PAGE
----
• In a case where although the throttle lever 16 is operated by a large amount, the amount of the growth of weeds to be mown is a small amount, or in a state of idling in which the mowing is not performed, a rotational frequency of the engine may be more than a predetermined value (for example, rotational frequency achieving maximum output), and at this time, it can be said that there is the allowance in the output of the engine. Consequently, when the rotational frequency of the engine is more than the predetermined value (particularly, the rotational frequency achieving the maximum output), it is preferable that the controller unit 70 makes the motor 50 function as the generator and charges the battery pack 90 by the output of the engine 20.
  • When the user pulls back the throttle lever 16 to an original point position, the controller unit 70 stops feeding electricity to the ignition plug 36 and stops the engine 20. This is so-called idling stop. Thereafter, when the user operates the throttle lever 16, the controller unit 70 drives the crankshaft 42 by the motor 50 and restarts the engine 20. An energy consumption amount and an exhaust gas emission amount are reduced by avoiding useless idling.
  • Specific embodiment of the present teachings is described above, but this merely illustrates some possibilities of the teachings and do not restrict the claims thereof. The art set forth in the claims includes variations and modifications of the specific example set forth above. The technical elements disclosed in the specification or the drawings may be utilized separately or in all types of combinations, and are not limited to the combinations set forth in the claims at the time of filing of the application. Furthermore, the art disclosed herein may be utilized to simultaneously achieve a plurality of aims or to achieve one of these aims.

Claims (12)

1. A human-carried work machine comprising an engine and an electric motor as a prime mover for driving a tool.
2. The human-carried work machine as in claim 1, wherein
the engine comprises an output shaft that is connected to the tool, and
the electric motor is configured to apply torque to the output shaft of the engine.
3. The human-carried work machine as in claim 2, wherein the electric motor comprises a rotor that is fixed to the output shaft of the engine and is provided with at least one magnet.
4. The human-carried work machine as in claim 3, wherein the rotor is provided with a cooling fan that is configured to send cooling air to the engine.
5. The human-carried work machine as in claim 3, wherein the electric motor comprises a stator core that is fixed to a crankcase of the engine and faces the magnet of the rotor.
6. The human-carried work machine as in claim 5, wherein the rotor comprises a peripheral wall that surrounds the stator core and the magnet is disposed on an inner surface of the peripheral wall.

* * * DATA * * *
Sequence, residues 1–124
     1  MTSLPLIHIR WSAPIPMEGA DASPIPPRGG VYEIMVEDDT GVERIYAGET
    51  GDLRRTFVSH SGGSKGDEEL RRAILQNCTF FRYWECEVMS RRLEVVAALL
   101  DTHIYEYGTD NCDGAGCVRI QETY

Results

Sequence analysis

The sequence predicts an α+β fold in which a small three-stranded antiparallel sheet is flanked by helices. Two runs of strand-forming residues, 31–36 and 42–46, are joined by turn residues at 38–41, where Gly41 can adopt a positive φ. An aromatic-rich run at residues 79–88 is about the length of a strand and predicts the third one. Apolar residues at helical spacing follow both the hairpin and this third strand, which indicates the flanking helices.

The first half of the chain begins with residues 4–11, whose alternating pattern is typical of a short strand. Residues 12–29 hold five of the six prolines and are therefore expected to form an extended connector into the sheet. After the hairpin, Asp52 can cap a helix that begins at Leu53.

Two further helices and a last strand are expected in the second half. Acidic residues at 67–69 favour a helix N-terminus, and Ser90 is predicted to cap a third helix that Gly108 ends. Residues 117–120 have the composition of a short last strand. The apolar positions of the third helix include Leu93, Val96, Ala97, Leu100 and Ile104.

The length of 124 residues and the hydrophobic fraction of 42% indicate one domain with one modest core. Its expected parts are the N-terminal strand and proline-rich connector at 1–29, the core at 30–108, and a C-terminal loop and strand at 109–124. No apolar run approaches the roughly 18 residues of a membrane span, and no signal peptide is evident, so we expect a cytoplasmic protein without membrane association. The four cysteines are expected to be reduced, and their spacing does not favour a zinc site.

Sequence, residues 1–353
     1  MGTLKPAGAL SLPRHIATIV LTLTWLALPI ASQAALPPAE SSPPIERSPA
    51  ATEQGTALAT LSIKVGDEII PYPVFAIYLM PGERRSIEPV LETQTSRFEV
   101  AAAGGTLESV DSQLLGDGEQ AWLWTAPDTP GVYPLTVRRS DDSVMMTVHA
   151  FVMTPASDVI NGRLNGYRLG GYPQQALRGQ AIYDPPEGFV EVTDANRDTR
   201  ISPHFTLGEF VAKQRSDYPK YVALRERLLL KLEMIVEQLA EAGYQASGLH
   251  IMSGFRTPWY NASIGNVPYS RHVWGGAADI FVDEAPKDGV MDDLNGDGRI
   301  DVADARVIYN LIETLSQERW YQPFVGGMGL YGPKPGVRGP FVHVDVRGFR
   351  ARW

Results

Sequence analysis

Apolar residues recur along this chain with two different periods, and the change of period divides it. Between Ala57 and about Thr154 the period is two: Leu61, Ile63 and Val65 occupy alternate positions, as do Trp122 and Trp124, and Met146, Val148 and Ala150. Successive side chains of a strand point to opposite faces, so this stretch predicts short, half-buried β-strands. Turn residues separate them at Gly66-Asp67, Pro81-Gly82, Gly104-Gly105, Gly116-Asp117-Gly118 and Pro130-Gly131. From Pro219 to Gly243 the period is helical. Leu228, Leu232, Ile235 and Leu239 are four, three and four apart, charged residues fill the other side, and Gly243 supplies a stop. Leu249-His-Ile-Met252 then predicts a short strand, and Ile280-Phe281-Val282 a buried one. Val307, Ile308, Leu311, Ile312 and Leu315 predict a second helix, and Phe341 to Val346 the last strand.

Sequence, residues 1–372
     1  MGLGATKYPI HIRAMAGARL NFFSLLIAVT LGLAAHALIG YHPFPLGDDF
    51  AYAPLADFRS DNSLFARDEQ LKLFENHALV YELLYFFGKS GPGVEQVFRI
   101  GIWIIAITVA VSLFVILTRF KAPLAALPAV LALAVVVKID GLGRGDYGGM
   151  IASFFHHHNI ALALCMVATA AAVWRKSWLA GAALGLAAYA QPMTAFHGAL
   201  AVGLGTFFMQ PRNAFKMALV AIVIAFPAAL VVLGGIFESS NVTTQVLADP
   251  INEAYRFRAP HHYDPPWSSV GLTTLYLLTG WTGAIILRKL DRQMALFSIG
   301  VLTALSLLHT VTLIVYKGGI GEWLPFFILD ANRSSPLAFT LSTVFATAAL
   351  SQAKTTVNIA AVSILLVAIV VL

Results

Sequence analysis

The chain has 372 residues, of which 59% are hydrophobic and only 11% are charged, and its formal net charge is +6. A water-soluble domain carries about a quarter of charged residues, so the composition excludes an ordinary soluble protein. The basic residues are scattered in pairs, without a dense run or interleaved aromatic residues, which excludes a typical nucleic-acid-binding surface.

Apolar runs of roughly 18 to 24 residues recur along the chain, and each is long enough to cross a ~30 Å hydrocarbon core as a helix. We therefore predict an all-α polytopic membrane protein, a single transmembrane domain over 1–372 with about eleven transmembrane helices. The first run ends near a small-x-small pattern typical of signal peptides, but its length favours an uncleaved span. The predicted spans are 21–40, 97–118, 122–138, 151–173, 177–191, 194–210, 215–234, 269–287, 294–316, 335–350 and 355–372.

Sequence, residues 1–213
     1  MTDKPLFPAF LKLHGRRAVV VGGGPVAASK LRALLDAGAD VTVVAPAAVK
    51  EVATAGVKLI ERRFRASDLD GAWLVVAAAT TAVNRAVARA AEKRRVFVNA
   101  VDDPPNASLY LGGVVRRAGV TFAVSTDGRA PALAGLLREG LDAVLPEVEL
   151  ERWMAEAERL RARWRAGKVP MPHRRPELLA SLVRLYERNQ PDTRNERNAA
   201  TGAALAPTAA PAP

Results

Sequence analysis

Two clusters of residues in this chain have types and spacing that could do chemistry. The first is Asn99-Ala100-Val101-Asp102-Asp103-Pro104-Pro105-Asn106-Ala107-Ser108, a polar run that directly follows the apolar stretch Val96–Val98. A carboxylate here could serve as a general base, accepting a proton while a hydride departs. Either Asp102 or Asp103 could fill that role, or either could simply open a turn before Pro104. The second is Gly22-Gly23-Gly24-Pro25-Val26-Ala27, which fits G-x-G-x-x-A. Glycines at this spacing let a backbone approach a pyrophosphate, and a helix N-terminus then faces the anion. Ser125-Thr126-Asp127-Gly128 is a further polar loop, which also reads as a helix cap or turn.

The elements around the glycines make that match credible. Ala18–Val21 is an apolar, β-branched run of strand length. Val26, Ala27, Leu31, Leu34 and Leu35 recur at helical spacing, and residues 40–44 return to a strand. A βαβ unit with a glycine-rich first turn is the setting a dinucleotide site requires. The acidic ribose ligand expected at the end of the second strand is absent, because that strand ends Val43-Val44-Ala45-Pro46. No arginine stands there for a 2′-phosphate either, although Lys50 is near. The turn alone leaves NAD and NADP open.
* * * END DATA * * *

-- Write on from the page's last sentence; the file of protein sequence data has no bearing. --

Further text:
7. The human-carried work machine as in claim 1, wherein the electric motor is configured to further function as an electric generator.
8. The human-carried work machine as in claim 7, further comprising a battery that is configured to supply electric power to the electric motor, wherein electric power generated by the electric motor is stored in the battery.
9. The human-carried work machine as in claim 7, further comprising an operable portion that is configured to be operated by a user to adjust output of the engine,
wherein the electric motor is configured to serve as the electric generator when an amount of operation applied to the operable portion is less than a first predetermined amount, and to serve as the prime mover for driving the tool when the amount of operation applied to the operable portion is more than a second predetermined amount.
10. The human-carried work machine as in claim 7, wherein the electric motor is configured to serve as the electric generator when a rotational frequency of the engine is equal to or more than a predetermined value.
11. The human-carried work machine as in claim 1, wherein the electric motor is configured to function as a starter motor for starting the engine.
12. The human-carried work machine as in claim 1, wherein the electric motor is a brushless motor.
US14/007,049 2011-03-31 2012-02-09 Human-carried work machine powered by hybrid drive system Abandoned US20140008092A1 (en)

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JP2011-080892 2011-03-31
JP2011080892 2011-03-31
PCT/JP2012/052934 WO2012132564A1 (en) 2011-03-31 2012-02-09 Mobile operating machine having hybrid driving system

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EP (1) EP2693019B1 (en)
JP (1) JP5607820B2 (en)
CN (1) CN103443418B (en)
WO (1) WO2012132564A1 (en)

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CN103443418B (en) 2018-09-07
WO2012132564A1 (en) 2012-10-04
JP5607820B2 (en) 2014-10-15
EP2693019B1 (en) 2017-04-05
EP2693019A1 (en) 2014-02-05
EP2693019A4 (en) 2016-06-22
JPWO2012132564A1 (en) 2014-07-24